Over the years I have worked as a volunteer business advisor for schools and for the (fabulous) Young Enterprise, the best thing about this type of involvement is you experience creativity at its most inspirational.
I’m going to go a bit Ronnie Corbett now and set off on a tangent. (You don’t know who Ronnie Corbett is? What did you watch on TV over Christmas)? There is a rather superb video about education and how it beats the creativity out of us, well worth watching on you tube – Changing education paradigms.
Creativity, I believe, is the one stand out attribute that is going to be essential in the future. We are in a world where organizations and individuals have access to the same information flows and data the advantage will therefore favour those who realize, cultivate and develop creative behaviours. They are the key to success in a competitive environment – and make no mistake it is very competitive out there.
Back to the subject in hand. You want to start your own business, you have started with you and are confident of your money making idea. This is the point at which I see young people present their ideas and then…….nothing. There are some brilliant Young Enterprise groups who have gone on to achieve great things with their ideas, and worth reading about them on the YE site. I think very few of the younger students at school who take part in Enterprise Days go on to the next step of actually starting the business. It is probably a mixture of things fear, lack of support, no money or even inertia brought on by not knowing what to do next.
There is a ton of stuff on the internet about setting up and starting a business and all of it is good and useful. But if you are reading this, fearful, with no money, but a brilliant idea, these are my suggestions:
Talk to someone. (I’ve highlighted talk because – call me old fashioned – it is an underused activity. I don’t mean email, SMS Face Book or ‘chat on line’).
If there is someone in your support structure who has some business experience talk to them about your idea and get some feedback. Talk to as many people as you can. Find a mentor who is specific to your industry (Linkedin is good for this), most mentors are free and happy to help. I cannot stress how important it is to get and build this sort of support team.
Sell something. (Nothing happens until someone sells something, Jim Barksdale, former CEO of Netscape).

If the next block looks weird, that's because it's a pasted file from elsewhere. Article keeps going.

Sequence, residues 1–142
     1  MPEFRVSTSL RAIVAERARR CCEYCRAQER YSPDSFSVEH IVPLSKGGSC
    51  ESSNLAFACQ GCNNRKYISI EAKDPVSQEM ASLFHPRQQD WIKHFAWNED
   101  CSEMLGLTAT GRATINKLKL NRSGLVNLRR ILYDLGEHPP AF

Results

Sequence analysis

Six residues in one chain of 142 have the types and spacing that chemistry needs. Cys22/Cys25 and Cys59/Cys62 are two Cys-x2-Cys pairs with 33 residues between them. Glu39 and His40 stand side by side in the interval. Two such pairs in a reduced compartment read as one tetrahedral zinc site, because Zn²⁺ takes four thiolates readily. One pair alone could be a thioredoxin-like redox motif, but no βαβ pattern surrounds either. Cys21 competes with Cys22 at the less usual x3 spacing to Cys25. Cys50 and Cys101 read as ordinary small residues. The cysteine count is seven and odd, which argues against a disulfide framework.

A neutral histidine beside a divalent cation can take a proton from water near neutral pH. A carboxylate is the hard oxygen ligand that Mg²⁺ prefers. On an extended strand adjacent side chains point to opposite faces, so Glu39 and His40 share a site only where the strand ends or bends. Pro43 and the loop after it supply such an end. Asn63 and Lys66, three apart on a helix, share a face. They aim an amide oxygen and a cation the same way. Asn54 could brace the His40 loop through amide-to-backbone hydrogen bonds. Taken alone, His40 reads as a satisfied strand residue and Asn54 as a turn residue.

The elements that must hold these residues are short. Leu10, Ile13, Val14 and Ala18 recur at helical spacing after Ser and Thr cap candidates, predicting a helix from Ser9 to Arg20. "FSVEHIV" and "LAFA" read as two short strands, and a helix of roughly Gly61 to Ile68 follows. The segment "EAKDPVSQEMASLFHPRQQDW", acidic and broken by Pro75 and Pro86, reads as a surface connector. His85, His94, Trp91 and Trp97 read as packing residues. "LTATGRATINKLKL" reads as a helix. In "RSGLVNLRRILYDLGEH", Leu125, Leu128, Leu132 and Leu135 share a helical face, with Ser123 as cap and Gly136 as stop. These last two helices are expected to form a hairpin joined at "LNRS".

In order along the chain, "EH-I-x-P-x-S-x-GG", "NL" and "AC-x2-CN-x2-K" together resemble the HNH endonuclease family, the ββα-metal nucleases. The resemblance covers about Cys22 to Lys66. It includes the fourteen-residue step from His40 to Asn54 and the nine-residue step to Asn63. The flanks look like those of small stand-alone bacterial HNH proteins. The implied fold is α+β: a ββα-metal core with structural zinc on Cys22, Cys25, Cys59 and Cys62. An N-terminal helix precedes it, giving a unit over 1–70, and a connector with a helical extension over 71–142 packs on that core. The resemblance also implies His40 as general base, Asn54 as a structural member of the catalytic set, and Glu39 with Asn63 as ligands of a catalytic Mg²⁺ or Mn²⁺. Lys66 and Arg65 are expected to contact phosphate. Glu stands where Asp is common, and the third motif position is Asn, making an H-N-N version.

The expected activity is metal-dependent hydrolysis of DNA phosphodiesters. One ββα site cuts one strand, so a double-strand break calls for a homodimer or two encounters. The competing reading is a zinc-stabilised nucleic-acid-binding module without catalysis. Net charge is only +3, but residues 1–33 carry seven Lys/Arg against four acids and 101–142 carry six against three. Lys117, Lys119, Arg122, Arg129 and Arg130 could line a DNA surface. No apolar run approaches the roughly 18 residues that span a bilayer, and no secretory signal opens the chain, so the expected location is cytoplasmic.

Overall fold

Find the cheapest and fastest way to test your product or service and just get SOMETHING out there which people can see and give you feedback on. This is far better than what most people do which is either, have a great idea and think about it so long they never take any action on it or, spend way too much time and money on something that eventually turns out to not work. If it doesn’t work, you are going to find out quickly and will have lost very little other than your time.
Don’t ‘launch’ the idea, time for that later, just quietly try it out start selling whether you think it’s ready for market or not. While that might sound ridiculous, your “business” doesn’t truly qualify as a business until that first sales transaction occurs. The action of ‘selling’ will entail you finding people to sell to, preparing a pitch and probably the most important thing, closing the sale. You will very quickly find out whether you find the whole ‘business’ of running your own business desperately exciting or desperately tough. But at least you have found out that at the beginning.
You may have noticed by now that I have not mentioned logos, websites, business plans, financial record keeping, legal entity all of the usual stuff. But do you really need to any of this NOW? Probably not. What you do need is credibility, confidence and certain amount of chutzpah. So my final piece of advice is to start building your credibility – your reputation.
If people come looking or checking on you…..
What will they find? You can google yourself and find out, and if that is not the image you want to project or there is no image at all then now is the time to change it and make it consistent across every social media platform. Tidy up your face book, join Linkedin, start tweeting, start a word press site (no need to spend money on a website just yet) or business facebook page, get some testimonials. Learn social media because this will initially be the cheapest and most cost effective means of promoting you and your business. Networking with real people is more expensive but also essential.
Next blog – so you’ve sold something and feedback is great…